TV Review: Call My Bluff
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The Independent Culture
A psychologist friend once told me that he always watched Call My Bluff (BBC2) for the non-verbal communication. You can tell when someone is lying, he said, because their eyes go up and to the right, while if they're just remembering, it's up and to the left. Or was it the other way round? It doesn't matter, because whichever way you look at it, Alan Coren and Sandi Toksvig are made of sterner stuff that dear old Paddy Campbell and Frank Muir. It's unwavering, eye-fixing stares all the way.

The words, however, seem easier than they used to be. Surely everyone knows that dorsigrade means walking on the backs of your toes, and anyone with a basic grounding in Dutch can work out that snelskrif is a form of shorthand. Either they have run out of truly obscure words, or the word-pickers have become rather lachous (negligent, in case you didn't know).

Another word that cropped up in yesterday's Call My Bluff was epigamic - referring to the changes that occur in a creature when it is trying to attract a mate. Does that include, I wonder, paying pounds 3,600 for an hour- long operation to have your breasts enlarged? That's a pound a second, or roughly pounds 90 an inch, to judge from the top-heavy, unnatural-looking sculptures revealed on Plastic Fantastic (C5) last night. "It's as natural as putting hair colour through your hair or anything else you do nowadays," said one satisfied customer. Not quite. You can wash out hair colour or remove make-up. Still, it's reassuring to know, after those stories a few years ago about exploding tits in aeroplanes, that the implants are now filled with soya oil rather than silicone. Your body will just absorb it if the thing bursts.

Packed with satisfied clients and punctuated with shots of pouting, well- endowed, bikinied pulchritude, the programme restored its balance with gruesomely lingering shots of the operation itself. "Now my finger is gliding between the mammary gland and the muscle" is not the sort of line one normally hears when a breast is being fondled on television, but for Maurizio and Roberto Viel, the doctor brothers who specialise in this operation, it was just another day at the office. What was missing was any suggestion of psychological counselling before deciding to go through with the operation. We heard a good deal of banality from women who had not, as one of them touchingly put it, been visited by the Titty Fairy, and they clearly believed that confidence correlated with bust measurement, but can an implant really be more than a temporary answer to feelings of inadequacy? In many cases, cosmetic surgery must be treating a symptom of a deeper problem. There is something disturbing about watching a pretty girl, with small but by no means negligible breasts, undergoing such an operation because she feels it will give her more confidence. If such a woman feels bad about her body, how will she feel when the euphoria wears off, normal depression returns and she realises that it isn't her body at all? "Breasts are very feminine," said one woman, though she clearly missed the real point of the statement. Breasts are feminine, soya oil isn't.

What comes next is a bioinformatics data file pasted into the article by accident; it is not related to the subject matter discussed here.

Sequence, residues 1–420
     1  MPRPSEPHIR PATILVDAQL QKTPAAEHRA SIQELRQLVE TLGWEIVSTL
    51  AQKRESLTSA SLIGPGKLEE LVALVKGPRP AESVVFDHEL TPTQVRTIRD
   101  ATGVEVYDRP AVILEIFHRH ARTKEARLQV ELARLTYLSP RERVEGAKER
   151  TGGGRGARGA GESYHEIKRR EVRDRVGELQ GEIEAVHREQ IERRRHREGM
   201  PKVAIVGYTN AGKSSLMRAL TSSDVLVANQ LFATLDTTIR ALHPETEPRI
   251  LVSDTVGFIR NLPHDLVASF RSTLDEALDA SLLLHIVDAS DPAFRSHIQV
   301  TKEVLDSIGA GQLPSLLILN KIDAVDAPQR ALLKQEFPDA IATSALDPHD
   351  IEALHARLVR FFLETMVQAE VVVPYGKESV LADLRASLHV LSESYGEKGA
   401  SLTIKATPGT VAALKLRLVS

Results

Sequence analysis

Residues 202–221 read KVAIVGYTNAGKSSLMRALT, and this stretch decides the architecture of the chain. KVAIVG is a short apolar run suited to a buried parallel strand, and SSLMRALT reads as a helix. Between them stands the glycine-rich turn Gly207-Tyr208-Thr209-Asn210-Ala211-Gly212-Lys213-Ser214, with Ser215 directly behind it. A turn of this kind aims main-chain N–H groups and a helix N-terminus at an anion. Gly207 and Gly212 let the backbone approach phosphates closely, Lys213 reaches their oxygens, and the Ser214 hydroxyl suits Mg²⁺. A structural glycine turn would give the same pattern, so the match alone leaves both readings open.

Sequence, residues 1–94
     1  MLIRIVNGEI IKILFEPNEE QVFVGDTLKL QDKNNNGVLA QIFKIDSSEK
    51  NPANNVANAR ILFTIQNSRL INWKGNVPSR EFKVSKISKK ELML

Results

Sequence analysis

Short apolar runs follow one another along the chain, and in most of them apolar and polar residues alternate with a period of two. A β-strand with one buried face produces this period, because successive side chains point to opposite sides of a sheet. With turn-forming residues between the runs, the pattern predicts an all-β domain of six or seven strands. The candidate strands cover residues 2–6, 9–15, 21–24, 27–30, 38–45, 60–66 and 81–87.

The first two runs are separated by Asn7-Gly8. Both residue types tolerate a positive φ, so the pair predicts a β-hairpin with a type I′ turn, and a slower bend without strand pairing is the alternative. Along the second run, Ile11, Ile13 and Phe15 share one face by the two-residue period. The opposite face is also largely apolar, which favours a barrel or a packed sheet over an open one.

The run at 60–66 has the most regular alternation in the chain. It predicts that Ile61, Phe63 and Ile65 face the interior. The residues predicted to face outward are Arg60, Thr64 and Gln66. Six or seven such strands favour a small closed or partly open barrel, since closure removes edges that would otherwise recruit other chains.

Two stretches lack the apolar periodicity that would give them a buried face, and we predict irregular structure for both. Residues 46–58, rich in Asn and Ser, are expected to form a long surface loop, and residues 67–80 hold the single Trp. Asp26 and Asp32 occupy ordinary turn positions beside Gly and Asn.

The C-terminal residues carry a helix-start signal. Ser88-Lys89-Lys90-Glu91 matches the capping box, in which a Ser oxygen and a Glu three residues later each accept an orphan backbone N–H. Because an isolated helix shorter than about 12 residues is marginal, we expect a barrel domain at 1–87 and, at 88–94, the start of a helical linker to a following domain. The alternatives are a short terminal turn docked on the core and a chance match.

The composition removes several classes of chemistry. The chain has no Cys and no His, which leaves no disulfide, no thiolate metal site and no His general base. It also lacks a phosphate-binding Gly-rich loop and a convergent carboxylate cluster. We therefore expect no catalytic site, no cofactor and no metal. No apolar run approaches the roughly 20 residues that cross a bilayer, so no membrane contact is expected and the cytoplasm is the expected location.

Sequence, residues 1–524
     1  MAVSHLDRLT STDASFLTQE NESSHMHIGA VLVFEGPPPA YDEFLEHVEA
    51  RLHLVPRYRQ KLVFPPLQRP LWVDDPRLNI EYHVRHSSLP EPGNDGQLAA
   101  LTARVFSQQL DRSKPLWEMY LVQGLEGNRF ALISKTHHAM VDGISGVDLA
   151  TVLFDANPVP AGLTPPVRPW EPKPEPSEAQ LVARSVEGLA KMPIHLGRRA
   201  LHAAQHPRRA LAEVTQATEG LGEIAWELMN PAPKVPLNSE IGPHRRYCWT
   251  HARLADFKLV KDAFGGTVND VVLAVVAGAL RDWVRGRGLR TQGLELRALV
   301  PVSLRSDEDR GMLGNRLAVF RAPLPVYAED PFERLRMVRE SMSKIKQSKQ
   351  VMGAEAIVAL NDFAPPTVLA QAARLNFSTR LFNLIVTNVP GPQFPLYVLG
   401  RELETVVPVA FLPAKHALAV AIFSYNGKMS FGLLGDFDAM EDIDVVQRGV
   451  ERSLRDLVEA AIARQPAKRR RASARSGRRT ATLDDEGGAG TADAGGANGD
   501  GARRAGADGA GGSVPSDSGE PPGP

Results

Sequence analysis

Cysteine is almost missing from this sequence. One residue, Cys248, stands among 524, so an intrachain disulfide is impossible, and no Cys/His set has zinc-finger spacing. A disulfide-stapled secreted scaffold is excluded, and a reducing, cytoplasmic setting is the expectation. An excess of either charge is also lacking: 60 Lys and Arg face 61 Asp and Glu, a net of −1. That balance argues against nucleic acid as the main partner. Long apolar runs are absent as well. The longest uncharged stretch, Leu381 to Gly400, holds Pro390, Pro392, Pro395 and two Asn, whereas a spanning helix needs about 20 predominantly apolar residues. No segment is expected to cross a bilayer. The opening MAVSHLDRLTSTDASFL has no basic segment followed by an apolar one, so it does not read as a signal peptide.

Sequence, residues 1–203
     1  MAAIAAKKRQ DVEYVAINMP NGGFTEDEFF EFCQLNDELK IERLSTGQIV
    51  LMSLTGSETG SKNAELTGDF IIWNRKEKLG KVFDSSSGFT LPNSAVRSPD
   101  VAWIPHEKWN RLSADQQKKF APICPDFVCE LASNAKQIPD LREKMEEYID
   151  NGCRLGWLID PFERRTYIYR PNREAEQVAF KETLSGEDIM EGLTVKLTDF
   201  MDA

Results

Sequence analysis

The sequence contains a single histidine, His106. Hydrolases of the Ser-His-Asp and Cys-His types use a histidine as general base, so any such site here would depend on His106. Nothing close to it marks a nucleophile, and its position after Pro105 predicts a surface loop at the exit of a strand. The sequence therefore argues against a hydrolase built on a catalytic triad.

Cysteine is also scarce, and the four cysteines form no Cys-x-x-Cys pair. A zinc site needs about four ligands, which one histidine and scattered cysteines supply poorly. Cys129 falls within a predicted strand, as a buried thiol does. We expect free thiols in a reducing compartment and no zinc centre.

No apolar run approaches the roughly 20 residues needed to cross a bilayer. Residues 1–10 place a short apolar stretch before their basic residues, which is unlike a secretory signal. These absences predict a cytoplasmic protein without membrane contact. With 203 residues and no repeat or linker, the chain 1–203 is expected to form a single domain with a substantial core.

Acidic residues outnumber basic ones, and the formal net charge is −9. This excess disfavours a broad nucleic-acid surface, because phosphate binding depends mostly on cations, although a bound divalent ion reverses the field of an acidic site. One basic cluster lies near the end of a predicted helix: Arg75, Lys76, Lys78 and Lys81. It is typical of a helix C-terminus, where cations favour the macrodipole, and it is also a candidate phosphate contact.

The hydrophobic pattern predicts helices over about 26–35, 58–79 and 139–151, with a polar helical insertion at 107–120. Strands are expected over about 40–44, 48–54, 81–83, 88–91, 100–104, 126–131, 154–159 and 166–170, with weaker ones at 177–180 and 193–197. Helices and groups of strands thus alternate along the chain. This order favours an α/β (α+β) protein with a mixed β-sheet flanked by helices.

The most contented customer was one who had had an operation to make her breasts smaller. Katie Boyle explained how she, her husband and her dogs all found it much more comfortable in bed without a huge superstructure to shift whenever she rolled over. And you can have breast reduction done on the National Health.

Of the inflatees, we did hear one negative reaction (if only temporary) from a woman who awoke from the operation to find: "They were huge; they were like rigid rockets and they were pointing in different directions." I now understand what my psychologist friend meant. The mendacious mammaries go up and to the right.